Remarks by Ambassador Selçuk Ünal at the Canada Agriculture and Food Museum
Dear Director General, Esteemed Guests,
It is a pleasure for me to address this distinguished audience of lovers of food and different tastes at the Global Tastes International Food Night organised on the occasion of the Canada 150. We are also proud to be the first country taking part in your programme in 2017. I congratulate all Canadians for the 150th anniversary of Canada.
Thank you all for your interest and participation. I would particularly like to thank the Director General Kerry-Leigh Burchill and all the esteemed staff of the Museum for their extensive and professional assistance from the very first day. I also wish to thank our Culture and Tourism Office in Toronto as well the Turkish Airlines Montreal Office who are sponsors. Last, but not the least, sincerest thanks go to our Chef İsmet Saz, who was very well introduced by the Director General.
UN World Tourism Organization says that international tourist arrivals grew by 4.4% on a yearly basis. Today people are travelling not only for tourism, but also for gastronomy.Turkeyis currently the 6th most popular tourist destination in the world, attracting more than 36 million tourists annually. And sun and sand is not the only reason. There is a very strong food perspective.
With historic cities like Istanbul; Turkish Riviera,first and foremostAntalyaat the Mediterranean; beautiful landscape of Cappadocia, rich culinary in many cities such as Antakya and Gaziantep, Turkey promises a unique experience for all visitors.
Istanbul, where our Chef is coming from, has become a trademarkwith its many faces including gastronomy. It is thesecondcityafter New York with the highest number of Consulate Generals. 61 million passengers travelled through Istanbul in 2015. It hosted more travellers thanthe number JFK and Frankfurtand it becamethe biggest hub in Europe. Seafood lovers should dine at the terrific fish restaurants of Istanbul as well as the Mediterranean and Aegean coasts. Gourmets like yourselves should also not miss cuisine of Gaziantep which was just included into UNESCOCreativeCities Network.
But since we are here on the occasion of history of Canada, we should focus more on Turkey and Canada. As you will see, one of the dishes prepared now is also a trade item between two countries: lentil. Lentil represents a success story between two countries. Even though we are a pulse producing country lentil it a great percentage of Canadian exports to Turkey in particular from Saskachevan.
While we are talking on history, I would like to inform you about a monument which is located near the İvriz village, 12 km to Ereğli, Konya in Turkey. The relief is about 4.20 meter tall and 2.40 meters wide and carved on the rock walls near a large spring. It shows Warpalawa, King of Tuwana, worshipping the god Tarhunza who holds ears of wheat in one hand and bunches of grapes in the other. The god wears a horned helmet, a symbol of divinity. The figure of the king, which is considerably smaller than that of Tarhunza, is elaborately dressed and appears in a worshipping stance. King Warpalawa of Tuwana is known in Assyrian sources as Urballa. He was in power at least between 738-710 BC, thus the monument is dated to the second half of 8th century BC. His name also appears in Bor and Bulgarmaden monuments. You will see more information in the brouchures in your courtesy bags.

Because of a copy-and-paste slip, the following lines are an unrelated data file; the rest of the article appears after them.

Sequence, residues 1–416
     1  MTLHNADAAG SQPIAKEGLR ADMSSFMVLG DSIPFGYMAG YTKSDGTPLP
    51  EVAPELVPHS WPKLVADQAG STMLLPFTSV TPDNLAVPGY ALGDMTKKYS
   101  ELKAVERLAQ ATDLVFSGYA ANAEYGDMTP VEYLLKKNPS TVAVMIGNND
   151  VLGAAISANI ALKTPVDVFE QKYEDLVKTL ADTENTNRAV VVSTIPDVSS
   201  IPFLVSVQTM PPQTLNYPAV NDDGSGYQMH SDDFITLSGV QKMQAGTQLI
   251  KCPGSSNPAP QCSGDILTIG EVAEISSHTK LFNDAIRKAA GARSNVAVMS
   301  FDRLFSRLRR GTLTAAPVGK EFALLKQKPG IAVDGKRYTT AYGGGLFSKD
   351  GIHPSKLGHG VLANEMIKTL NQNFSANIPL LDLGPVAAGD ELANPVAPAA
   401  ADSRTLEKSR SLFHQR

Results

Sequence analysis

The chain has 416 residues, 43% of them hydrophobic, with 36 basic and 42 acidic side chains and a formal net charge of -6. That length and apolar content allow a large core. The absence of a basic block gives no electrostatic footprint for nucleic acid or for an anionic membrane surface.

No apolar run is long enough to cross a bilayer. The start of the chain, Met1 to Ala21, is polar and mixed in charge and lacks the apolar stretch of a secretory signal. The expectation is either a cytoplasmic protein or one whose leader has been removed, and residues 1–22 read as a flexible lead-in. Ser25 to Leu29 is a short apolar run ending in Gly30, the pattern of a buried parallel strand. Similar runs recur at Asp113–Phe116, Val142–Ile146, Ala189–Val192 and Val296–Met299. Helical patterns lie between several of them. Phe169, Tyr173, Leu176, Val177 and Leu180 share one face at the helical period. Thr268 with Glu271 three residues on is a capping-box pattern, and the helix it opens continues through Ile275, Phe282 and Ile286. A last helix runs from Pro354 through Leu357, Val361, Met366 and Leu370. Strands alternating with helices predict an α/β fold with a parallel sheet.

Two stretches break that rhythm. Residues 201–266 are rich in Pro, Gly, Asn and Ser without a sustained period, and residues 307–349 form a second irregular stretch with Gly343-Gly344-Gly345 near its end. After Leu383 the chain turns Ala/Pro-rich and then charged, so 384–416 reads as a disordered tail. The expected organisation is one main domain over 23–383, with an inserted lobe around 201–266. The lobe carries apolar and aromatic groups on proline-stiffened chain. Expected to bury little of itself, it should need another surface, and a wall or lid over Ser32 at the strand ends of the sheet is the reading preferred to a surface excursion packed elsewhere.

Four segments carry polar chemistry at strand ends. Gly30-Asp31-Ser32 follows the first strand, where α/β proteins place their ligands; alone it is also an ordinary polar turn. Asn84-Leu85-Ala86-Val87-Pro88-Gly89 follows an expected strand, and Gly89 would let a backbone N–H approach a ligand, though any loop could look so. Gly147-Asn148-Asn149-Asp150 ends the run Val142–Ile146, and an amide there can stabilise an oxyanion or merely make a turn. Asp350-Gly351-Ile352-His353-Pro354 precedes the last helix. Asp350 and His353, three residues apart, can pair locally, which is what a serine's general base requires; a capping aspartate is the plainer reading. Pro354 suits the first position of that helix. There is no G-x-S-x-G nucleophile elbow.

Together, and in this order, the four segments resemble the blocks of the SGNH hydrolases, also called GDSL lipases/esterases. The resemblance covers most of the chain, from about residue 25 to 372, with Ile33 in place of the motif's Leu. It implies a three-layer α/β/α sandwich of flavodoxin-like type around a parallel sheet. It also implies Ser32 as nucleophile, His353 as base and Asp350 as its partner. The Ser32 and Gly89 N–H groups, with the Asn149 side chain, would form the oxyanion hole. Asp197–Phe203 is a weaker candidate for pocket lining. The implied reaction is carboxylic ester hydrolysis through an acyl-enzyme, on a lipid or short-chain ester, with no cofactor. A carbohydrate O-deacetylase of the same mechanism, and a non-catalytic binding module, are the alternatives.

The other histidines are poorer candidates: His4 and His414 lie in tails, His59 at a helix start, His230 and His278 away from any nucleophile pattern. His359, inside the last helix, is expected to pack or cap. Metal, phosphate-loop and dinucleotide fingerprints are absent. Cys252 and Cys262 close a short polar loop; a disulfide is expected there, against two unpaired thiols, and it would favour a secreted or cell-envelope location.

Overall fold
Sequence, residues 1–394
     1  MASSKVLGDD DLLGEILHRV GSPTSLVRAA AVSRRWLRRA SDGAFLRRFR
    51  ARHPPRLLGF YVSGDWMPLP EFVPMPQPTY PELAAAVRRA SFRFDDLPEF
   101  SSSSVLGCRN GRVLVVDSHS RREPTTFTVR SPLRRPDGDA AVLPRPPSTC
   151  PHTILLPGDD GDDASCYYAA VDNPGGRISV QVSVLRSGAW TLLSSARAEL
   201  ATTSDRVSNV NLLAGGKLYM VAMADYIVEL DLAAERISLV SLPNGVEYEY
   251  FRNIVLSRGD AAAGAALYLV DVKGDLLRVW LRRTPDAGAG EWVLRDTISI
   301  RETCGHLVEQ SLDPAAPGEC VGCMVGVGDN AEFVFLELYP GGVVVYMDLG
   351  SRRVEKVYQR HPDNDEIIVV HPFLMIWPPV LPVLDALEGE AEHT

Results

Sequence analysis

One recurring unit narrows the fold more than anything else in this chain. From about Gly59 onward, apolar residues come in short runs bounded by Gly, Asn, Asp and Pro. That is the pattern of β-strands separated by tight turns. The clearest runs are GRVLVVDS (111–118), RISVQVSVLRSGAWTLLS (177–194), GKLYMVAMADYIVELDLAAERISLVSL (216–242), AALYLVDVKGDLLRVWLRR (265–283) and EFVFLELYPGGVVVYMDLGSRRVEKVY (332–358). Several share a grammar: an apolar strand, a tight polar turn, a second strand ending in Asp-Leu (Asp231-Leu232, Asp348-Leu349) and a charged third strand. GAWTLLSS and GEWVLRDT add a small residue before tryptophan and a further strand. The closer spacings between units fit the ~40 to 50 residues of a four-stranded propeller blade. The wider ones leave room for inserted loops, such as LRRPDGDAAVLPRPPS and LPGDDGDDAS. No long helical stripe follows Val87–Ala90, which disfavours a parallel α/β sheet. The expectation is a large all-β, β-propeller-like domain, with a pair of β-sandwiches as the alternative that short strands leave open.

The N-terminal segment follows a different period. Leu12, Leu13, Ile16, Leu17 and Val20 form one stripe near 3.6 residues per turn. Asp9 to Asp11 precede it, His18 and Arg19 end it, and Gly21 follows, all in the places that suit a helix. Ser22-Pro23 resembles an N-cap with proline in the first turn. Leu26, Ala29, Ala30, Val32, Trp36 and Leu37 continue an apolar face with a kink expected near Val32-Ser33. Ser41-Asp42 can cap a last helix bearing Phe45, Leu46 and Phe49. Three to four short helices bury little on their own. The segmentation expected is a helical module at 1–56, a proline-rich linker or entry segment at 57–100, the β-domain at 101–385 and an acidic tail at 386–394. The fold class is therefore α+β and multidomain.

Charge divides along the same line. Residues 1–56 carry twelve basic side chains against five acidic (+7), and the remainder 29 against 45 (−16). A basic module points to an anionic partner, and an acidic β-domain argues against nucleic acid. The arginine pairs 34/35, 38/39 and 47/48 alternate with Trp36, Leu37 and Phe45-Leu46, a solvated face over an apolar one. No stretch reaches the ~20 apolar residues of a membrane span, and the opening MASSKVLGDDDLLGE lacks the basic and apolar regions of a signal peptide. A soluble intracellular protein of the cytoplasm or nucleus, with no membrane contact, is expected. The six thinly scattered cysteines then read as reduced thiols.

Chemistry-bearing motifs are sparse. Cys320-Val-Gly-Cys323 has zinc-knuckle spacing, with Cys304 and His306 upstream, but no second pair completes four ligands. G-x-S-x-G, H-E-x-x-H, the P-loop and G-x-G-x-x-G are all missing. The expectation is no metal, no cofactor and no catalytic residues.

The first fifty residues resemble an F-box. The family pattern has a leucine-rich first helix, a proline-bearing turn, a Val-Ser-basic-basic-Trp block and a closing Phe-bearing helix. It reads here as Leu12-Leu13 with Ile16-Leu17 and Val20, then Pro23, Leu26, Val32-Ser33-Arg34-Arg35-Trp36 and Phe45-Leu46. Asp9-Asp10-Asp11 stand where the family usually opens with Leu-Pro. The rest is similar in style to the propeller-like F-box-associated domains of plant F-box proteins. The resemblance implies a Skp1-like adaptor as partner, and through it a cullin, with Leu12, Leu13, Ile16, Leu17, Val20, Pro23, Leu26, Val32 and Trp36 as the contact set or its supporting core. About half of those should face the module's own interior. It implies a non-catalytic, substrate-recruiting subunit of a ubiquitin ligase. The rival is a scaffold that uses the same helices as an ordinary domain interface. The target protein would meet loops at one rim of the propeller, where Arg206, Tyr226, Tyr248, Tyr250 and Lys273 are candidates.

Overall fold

Further up in the mountain at Ambar Deresi, there is a second relief which appears to be a replication of the İvriz relief. It is approximately the same size, less detailed and probably was never finished. Unlike the İvriz relief this one has no inscription.
A third relief was discovered by villagers only in 1972, about 25-30 meters up the creek from the İvriz relief, about 10 meters above the way. It is a flatly carved relief, only about a centimetre in depth, and shows a man or woman wearing a short skirt, leading an animal to the right. This relief has also been moved to the Ereğli Museum.
In 1986, about 75 meter upstream from the İvriz relief, a colossal statue head was discovered during the construction of an irrigation channel. Only the bottom part of it survived. They are all displayed in Ereğli Museum today. In a country hosting several Abrahamic religions, these are the first monuments that appeared in the world on food and agriculture even centuries before the Abrahamic religions.
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